T-Mobile US indicated it plans to discontinue its support for the federal Lifeline phone program, which provides subsidized phone service to low-income Americans, as of the end of 2014. The carrier said the move will impact its operations in Alabama, Connecticut, Delaware, New Hampshire, New York and Tennessee and Washington, D.C.
AT&T and Verizon not only think that 4 Mbps is a sufficient definition for broadband, but they have told the FCC that the regulator should not look at data caps when defining whether an Internet service should be qualified as a broadband service.
There have been three broad themes to the FCC under Chairman Tom Wheeler, reinforced in his remarks at the recent CTIA trade show: more competition, more spectrum, and an open, non-discriminatory Internet. The significant items on the FCC docket that play into these themes--the pending AT&T-Direct TV and Comcast-TWC deals, the 600 MHz incentive auctions, and the ongoing discussions on network neutrality--show that the FCC has taken a lot on, and has had a lot thrown at it. An intransigent Congress and the upcoming mid-term elections are an additional wildcard that could impact how and how quickly these major items are addressed.
The success of the mobile broadband industry is due in part to a light regulatory touch that has encouraged massive investments and resulted in one of the most successful industries of all time. This industry, however, is still in the relatively early stages and will grow and evolve in ways that cannot be predicted. It will be successful to the extent that unnecessary regulatory strangleholds, especially ones that treat wireless and wireline equally, do not hold it back.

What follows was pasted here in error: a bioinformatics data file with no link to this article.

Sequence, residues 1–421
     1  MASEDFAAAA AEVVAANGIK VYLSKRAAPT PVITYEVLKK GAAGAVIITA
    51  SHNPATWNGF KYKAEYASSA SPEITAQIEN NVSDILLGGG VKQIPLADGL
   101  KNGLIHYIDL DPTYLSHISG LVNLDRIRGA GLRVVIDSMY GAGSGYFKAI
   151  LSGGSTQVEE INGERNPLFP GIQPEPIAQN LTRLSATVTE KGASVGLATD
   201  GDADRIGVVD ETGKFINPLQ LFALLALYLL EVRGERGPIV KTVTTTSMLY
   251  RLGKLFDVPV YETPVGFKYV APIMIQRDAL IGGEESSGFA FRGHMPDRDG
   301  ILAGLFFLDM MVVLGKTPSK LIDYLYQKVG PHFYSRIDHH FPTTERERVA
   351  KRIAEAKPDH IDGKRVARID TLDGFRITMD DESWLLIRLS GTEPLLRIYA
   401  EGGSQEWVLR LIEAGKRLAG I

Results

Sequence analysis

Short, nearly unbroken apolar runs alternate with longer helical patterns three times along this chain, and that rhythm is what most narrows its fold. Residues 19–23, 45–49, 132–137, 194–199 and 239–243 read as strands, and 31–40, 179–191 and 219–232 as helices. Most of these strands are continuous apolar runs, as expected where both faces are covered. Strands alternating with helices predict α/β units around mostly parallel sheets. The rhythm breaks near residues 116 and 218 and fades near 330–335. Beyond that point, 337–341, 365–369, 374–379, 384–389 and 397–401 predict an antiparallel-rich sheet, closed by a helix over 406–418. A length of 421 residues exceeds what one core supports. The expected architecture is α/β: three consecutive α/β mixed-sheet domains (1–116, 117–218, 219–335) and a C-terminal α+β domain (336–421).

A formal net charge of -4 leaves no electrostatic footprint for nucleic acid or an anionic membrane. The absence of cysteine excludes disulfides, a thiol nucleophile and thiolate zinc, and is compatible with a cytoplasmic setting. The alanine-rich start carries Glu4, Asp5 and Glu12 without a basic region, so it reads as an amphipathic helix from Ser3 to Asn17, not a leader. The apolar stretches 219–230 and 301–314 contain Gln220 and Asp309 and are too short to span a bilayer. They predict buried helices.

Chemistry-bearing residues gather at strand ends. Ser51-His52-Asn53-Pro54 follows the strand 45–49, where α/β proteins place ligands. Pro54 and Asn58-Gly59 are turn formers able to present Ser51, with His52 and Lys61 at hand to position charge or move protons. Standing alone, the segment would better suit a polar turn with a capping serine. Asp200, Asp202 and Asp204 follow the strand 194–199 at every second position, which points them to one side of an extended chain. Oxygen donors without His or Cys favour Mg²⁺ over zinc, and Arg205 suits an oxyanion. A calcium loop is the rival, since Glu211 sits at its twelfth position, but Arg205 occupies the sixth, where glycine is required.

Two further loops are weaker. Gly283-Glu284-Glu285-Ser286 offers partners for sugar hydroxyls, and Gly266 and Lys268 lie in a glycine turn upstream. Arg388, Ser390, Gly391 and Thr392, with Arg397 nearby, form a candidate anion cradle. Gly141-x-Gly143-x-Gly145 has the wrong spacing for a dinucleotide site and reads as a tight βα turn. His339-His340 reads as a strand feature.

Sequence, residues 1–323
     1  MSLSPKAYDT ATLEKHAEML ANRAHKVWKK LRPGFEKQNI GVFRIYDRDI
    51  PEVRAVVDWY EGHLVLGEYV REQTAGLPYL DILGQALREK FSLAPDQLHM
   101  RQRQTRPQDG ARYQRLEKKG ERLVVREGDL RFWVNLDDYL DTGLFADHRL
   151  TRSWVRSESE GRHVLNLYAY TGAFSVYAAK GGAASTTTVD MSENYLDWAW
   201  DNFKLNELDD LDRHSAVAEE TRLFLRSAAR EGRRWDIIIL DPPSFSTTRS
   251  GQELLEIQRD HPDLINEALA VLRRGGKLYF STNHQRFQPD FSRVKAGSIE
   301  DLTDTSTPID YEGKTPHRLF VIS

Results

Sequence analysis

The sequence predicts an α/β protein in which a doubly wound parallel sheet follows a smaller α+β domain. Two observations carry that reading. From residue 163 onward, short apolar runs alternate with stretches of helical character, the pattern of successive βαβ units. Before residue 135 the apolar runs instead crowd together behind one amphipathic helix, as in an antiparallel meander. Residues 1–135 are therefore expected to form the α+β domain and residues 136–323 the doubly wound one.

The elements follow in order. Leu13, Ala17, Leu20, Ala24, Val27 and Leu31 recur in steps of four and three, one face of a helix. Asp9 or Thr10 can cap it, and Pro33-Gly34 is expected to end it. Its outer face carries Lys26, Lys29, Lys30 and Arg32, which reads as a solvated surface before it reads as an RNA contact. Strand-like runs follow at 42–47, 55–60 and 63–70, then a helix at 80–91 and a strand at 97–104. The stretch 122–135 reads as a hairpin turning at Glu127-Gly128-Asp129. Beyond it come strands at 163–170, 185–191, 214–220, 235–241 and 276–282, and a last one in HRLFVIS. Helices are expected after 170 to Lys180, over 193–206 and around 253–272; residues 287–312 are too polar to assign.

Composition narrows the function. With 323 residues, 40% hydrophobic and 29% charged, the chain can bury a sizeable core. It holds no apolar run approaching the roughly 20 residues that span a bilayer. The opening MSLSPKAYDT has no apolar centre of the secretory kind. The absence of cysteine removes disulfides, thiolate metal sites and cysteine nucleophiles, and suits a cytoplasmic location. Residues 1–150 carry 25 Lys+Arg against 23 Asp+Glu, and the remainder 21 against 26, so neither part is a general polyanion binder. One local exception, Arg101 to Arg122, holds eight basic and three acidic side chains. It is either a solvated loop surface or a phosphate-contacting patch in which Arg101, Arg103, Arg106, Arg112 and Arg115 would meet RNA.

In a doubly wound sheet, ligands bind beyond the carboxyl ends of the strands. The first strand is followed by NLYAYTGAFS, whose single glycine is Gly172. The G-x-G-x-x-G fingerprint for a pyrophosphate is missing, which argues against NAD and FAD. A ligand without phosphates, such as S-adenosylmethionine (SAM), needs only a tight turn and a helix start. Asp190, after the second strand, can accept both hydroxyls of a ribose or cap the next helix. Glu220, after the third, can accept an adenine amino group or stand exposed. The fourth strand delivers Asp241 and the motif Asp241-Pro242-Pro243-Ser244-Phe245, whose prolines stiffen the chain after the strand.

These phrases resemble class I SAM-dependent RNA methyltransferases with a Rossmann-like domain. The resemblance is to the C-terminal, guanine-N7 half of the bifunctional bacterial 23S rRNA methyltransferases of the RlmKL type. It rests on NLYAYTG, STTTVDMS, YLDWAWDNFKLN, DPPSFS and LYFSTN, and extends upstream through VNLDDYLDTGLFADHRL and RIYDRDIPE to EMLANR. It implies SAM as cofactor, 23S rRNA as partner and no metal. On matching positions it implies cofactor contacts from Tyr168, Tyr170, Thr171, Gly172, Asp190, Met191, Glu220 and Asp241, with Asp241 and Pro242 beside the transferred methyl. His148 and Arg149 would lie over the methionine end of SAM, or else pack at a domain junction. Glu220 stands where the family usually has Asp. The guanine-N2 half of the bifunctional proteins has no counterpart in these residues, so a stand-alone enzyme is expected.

Over 90 of AT&T's wireless industry partners have come together to jointly make their voice heard at the FCC in protesting the service provider's pending acquisition of DirecTV.
A bill renewing the ability of satellite operators to take broadcast signals from far-away stations and deliver them to about 1.5 million rural subscribers without local access to various broadcast outlets has passed the Senate by voice vote.
Sen. Claire McCaskill (D-Mo.) is expected to withdraw an effort to include in the pending satellite reauthorization bill rules that would give the FCC greater oversight over pay-TV customer service.
The Competitive Carriers Association is urging the FCC to reconsider its rules for triggering when bidding for next year's planned incentive auction of 600 MHz broadcast TV spectrum will split into "unreserved" airwaves and "reserved" spectrum set aside for smaller carriers.
Commenters applauded a federal government proposal to set up a public-private partnership that would create a model city for testing spectrum-sharing policies and technologies.The plan was floated in July by the FCC and the National Telecommunications and Information Administration (NTIA).
With the public commentary period for the FCC's proposed new net-neutrality rules ending Monday night, the commission reported that the number of comments had set a record, at more than 3 million.